A playful approach to let go of making ‘good’ art or help release perfectionist tendencies is to use unorthodox tools or methods to make art. Jayson Zaleski talks about play: “Within the process of play there is a freedom to try new things, to take risks, and the latitude to approach the generation of work with whimsy, potentially with humour, with a sense of playfulness. This approach may not produce the highest quality of work, but it does begin to break down self-imposed rules and boundaries.” This experiment gives you less control over the outcome because you’ll be focusing on the tools and keeping them together. It’s a positive distraction to help you get making marks quickly.
You will need: paper and pens, felt tips or coloured pencils. Optional rubber band or sticky tape to hold tools together
Group together your pens/pencils in a bunch so that the tips are flush (none stick out more than others).
Fix together if it makes it easier, otherwise hold them tightly in your hand.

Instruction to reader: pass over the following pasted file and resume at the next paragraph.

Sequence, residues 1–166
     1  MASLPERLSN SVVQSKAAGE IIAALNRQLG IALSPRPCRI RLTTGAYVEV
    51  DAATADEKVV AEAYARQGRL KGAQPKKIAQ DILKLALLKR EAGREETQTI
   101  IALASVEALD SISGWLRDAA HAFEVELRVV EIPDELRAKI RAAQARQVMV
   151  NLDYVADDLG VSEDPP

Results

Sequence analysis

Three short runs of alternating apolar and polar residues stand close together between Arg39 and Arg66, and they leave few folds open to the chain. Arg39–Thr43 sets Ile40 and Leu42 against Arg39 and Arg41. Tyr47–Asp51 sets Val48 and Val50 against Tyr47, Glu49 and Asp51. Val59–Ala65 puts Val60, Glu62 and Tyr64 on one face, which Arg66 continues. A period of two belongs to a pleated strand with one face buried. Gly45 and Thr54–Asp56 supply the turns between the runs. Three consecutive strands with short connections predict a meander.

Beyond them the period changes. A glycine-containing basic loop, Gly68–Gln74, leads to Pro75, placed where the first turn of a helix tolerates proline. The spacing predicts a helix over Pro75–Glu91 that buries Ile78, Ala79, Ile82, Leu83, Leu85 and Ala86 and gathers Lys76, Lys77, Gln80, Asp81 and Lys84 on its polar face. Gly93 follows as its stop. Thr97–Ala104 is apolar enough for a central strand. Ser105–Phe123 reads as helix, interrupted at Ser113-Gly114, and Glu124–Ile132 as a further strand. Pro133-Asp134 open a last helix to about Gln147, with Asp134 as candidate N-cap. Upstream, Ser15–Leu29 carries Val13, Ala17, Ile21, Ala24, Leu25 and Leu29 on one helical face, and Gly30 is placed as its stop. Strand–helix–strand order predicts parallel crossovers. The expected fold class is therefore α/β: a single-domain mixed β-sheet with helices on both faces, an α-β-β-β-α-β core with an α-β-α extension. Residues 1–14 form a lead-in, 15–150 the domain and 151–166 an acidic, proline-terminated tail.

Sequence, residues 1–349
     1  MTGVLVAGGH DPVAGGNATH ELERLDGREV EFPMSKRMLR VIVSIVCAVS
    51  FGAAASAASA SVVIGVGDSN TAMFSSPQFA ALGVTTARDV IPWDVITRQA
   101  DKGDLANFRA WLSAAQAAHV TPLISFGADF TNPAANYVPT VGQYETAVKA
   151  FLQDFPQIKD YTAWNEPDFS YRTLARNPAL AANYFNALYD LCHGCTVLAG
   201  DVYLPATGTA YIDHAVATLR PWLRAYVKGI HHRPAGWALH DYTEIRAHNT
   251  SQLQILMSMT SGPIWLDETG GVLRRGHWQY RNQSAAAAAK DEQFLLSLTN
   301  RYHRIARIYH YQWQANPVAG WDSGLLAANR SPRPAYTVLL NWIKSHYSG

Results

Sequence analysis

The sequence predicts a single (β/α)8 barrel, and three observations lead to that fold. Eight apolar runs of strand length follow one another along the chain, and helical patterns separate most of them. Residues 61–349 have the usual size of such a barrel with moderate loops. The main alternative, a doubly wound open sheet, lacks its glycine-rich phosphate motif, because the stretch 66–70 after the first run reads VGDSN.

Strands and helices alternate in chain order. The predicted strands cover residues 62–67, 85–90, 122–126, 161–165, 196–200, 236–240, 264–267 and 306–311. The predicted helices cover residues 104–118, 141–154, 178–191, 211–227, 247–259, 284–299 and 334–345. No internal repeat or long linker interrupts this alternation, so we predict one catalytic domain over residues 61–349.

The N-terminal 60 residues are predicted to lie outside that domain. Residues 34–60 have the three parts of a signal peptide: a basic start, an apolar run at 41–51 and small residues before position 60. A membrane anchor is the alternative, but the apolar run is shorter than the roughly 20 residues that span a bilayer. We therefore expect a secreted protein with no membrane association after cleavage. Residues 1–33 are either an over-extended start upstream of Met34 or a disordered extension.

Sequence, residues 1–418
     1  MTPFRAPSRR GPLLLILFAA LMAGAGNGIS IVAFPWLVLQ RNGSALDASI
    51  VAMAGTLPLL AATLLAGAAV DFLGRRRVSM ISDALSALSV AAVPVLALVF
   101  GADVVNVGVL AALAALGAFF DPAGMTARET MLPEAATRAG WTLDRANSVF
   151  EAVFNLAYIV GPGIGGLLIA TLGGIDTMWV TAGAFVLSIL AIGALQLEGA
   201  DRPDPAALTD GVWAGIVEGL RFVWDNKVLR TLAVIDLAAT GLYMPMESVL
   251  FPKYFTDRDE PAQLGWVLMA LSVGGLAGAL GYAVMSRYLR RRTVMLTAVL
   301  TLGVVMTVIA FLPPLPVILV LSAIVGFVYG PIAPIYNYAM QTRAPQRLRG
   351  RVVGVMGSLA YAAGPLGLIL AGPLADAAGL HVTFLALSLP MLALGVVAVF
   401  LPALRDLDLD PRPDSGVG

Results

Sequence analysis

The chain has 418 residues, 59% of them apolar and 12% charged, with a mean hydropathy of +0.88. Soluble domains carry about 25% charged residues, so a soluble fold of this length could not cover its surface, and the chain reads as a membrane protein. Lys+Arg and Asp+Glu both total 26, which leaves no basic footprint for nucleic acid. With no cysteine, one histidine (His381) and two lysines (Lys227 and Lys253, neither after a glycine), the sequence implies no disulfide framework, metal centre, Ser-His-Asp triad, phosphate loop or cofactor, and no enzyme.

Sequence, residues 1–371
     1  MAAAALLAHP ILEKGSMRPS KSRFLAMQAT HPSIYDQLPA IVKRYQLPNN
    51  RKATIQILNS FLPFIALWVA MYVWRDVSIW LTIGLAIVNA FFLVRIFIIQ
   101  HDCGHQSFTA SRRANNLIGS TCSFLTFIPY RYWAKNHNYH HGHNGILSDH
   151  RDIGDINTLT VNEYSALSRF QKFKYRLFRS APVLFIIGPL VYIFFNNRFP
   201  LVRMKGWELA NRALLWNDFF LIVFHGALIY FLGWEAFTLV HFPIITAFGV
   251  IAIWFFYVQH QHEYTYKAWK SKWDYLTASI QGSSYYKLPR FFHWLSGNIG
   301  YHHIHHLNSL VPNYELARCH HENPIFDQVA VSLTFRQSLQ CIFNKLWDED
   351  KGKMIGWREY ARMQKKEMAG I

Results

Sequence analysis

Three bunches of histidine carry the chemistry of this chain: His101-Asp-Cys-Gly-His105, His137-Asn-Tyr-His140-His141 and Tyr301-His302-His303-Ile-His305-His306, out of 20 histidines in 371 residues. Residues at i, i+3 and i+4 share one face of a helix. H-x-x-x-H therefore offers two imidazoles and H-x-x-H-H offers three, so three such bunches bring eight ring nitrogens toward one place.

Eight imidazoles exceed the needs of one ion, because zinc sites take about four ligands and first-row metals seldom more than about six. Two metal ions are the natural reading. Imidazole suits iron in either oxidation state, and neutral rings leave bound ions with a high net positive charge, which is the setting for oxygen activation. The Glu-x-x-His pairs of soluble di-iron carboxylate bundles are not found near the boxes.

Imagine the bunch is one big tool and make marks as you would with one pen.
Play around with the number of pens and try different colour combinations.
Finding it tricky?
Use less pens/pencils to start with and add more with practice
Move your hand slower
Don’t think, just make marks. Even ‘bad marks’ provide information for your next attempt.
Using ‘childhood’ art materials like pens and felt tips also allow less attachment to making ‘real’ art: art that’s been made with paints and more more expensive tools. Taking action and making marks is far more important than the quality of what you make. Shaun McNiff in Imagination in Action suggests “The discovery of new forms and significant changes in expression require risk and experimentation with unfamiliar situations, which reliably generate errors and setbacks.”
Trying an unconventional (and fun) approach to making marks offers you space to experiment without worrying about how good anything is. You can just get on making as many crazy and spontaneous patterns as you can.
“Creativity is intelligence having fun.” – Albert Einstein